October is Domestic Violence Awareness Month. We talk to a non-profit helping victims of abuse in Jones, Craven and Pamlico Counties.
October is breast cancer awareness month, its national diabetes month, and it also domestic violence awareness month. The US Department of Justice defines Domestic Violence as a pattern of abusive behavior in any relationship that is used by one partner to gain or maintain power and control over another intimate partner. Once a person becomes a victim of domestic violence, it can be difficult for them to get the help they need.
"I met my husband while we were in college and we got married about two years after college and everything was exciting before then for me. Once we got married, closer to the time we got married, that's when I started to notice things. In retrospect, I see there were a lot of red flags."
Erica is a thirty something mother of two. She sat down with me on Monday to talk to me about her experience as a victim of domestic violence. Erica received counseling at a local non-profit we reached out to. She agreed to speak with me as long as I only used her first name to protect her privacy.
"for me, it wasn't a daily situation where he constantly physically abused me but there was a lot of mental abuse going on and financial where he controlled all of our finances and I have I would have to ask just to go get groceries or just do anything I would have to ask his permission."
Domestic violence can be physical, sexual, emotional, economic or psychological. Like Erica, many people don't even know they are victims until a family member or loved one intervenes.
"It actually, the worst time I guess for physical violence, I only left for a week. I actually stayed. It took my parents stepping in. I came down for a friend's wedding and being able to get outside the situation because I was isolated I wasn't around (my) family, I was just around his family and around my husband, so it took me getting outside the situation for me to understand how serious it was what I was in."
Another factor that empowered Erica to seek help was her children.
"My daughter and my son, they were not even five by the time this stuff happened. At the same time, your children can see it. I always thought they don't know what's going on your children know and it's something that's going to impact them and very well determine the relationships that they have."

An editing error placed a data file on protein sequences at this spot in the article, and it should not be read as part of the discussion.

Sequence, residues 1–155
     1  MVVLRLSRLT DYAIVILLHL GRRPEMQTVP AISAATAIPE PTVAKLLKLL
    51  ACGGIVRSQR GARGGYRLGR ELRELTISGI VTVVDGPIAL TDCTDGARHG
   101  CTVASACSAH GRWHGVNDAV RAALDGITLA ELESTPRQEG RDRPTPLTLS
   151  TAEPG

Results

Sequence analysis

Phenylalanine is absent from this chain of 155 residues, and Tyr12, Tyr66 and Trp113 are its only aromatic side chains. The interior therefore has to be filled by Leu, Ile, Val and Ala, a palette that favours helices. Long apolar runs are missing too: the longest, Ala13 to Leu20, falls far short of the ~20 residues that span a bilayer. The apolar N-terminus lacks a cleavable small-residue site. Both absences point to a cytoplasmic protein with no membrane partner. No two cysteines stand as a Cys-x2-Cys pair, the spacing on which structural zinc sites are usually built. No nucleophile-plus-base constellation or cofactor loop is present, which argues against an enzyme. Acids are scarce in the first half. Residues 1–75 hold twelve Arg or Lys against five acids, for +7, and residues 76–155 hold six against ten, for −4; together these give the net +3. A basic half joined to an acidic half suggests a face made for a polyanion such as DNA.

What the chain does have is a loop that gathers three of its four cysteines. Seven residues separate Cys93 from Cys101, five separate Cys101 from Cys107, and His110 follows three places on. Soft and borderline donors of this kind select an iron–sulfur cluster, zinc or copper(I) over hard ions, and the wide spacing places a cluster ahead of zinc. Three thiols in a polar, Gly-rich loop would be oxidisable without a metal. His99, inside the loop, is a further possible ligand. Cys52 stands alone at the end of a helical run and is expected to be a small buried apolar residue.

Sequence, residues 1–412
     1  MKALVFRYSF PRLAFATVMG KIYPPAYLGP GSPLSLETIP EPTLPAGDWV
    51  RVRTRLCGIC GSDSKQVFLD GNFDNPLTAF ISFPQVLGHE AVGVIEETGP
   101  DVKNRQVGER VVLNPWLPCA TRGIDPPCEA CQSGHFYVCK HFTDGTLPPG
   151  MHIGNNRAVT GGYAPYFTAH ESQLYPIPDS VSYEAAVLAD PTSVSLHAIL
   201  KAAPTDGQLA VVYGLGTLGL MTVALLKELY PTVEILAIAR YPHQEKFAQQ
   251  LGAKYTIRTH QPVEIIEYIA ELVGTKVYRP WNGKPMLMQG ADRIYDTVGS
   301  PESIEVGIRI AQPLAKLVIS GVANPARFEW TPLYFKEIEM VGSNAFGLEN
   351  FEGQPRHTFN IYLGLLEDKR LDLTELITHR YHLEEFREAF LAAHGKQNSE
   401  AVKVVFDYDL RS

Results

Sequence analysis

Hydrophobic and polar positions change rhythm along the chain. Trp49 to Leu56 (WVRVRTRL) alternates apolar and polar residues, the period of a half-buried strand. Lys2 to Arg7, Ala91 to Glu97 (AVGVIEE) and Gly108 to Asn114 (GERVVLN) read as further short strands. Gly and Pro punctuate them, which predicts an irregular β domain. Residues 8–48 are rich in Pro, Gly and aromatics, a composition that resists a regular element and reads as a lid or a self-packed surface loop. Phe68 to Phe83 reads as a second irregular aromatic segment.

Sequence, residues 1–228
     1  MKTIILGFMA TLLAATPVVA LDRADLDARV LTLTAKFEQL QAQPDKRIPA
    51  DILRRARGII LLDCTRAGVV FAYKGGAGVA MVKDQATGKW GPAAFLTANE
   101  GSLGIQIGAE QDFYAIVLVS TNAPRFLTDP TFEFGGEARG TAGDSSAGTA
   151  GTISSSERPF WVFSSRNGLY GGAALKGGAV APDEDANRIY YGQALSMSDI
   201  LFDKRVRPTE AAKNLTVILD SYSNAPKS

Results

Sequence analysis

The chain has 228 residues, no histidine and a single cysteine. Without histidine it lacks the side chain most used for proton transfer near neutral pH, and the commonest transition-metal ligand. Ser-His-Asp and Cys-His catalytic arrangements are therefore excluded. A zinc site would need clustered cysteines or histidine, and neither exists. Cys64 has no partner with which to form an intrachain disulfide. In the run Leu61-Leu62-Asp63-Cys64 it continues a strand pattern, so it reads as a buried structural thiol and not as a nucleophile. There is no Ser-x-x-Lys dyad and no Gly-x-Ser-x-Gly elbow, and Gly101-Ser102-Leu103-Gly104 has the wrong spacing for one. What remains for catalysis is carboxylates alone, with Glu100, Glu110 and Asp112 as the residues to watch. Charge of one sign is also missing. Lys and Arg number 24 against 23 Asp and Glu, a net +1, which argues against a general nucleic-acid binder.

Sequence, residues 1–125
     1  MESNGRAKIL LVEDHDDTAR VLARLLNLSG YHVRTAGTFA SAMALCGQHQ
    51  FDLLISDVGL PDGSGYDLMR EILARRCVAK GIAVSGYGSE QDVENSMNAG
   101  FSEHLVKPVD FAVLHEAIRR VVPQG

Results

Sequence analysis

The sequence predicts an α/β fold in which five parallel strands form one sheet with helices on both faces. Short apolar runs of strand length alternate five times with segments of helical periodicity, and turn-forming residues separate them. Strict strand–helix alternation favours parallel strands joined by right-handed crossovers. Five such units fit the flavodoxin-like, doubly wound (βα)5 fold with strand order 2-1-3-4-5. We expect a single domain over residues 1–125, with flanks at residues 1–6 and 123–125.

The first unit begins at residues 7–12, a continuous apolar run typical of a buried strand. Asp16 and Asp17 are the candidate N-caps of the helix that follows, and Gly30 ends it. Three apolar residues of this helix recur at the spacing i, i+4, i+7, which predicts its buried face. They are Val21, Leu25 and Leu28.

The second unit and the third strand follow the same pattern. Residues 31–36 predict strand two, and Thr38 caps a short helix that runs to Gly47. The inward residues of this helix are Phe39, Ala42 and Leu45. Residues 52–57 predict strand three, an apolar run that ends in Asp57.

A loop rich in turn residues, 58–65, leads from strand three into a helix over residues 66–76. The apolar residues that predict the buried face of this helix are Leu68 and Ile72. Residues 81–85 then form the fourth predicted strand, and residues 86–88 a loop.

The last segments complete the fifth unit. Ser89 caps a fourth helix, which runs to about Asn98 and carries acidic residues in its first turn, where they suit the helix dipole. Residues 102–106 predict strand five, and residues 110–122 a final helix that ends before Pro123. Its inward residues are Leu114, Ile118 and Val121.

Erica found solace and education at the Coastal Women's Shelter, which serves Craven, Jones and Pamlico counties and reaches out to victims of domestic violence. Martha Hardison is the executive director.
"The Coastal Women's Shelter provides counseling services on an individual basis on one to one, it also has support groups that are held twice a month for those that are victims of domestic violence and they are held in all three counties."
The shelter also provides a 24 hour Crisis Line, court advocacy, monthly support groups for women and children, transportation, and employment resources. They also operate a safe house where victims can stay at a secret location until they get back on their feet.
"we actually shelter those women and children that are on the run that need safety. We actually provide the housing, education, and let them stay with us for 60 to 90 days so that they can rebuild their lives."
The Coastal Women's Shelter is primarily funded by state and federal grants, as well as churches, other non-profits, and fundraising events. The shelter also runs Helping Hands Boutique in James City to help generate funds.
In 2011, the agency sheltered 648 women and children. Through counseling services and referrals, the Coastal Women's shelter estimated it served over 5000 people. Executive Director Hardison says a person may come to the shelter multiple times to receive services.
"Statistics report that it takes seven or eight times before the individual makes the final break from their abuser. And we try to continue to support them in their efforts to be strong and to be self-sufficient to make that move."
Unfortunately, not all domestic violence victims escape their abuser. According to the North Carolina Department of Justice, state and local law enforcement reported 106 total homicides in 2011 related to domestic violence. About 18 percent of those incidents occurred in eastern North Carolina.
Compiling statistics can be difficult because domestic violence cases often go unreported. Still, Hardison says there has been a surge in domestic violence so far this year.
"I think because of the economy today, because of the stress, because of the job market, these type of things bear very heavily on the family deployment those kind of things.. We are seeing an increase in domestic violence in families in our area."
The Coastal Women's Shelter targets females specifically because in 85 percent of domestic violence cases, men are the abusers. Still, males can be victims. Speaking as a survivor of domestic violence, Erica urges ANYONE to get help if they are being controlled or abused.
"No one has the right to abuse you whether it's financially, whether it's mentally, no type of abuse does a person deserve but it's really finding that strength within that you don't deserve it. And that's what it took for me and even leaving, I still struggled with wanting to go back to that situation. But we have to love ourselves enough to know that that is not okay no matter if it's a man or a women, it's not okay and you have to really find that strength, and there are so many resources out there to help you."
If you or someone you know may be a victim of domestic violence, you call and get counseling thru the National Domestic Violence Hotline at 1-800-799- (7233). You can find more information on the Coastal Women's Shelter at www.coastalwomensshelter.org. I'm Jared Brumbaugh.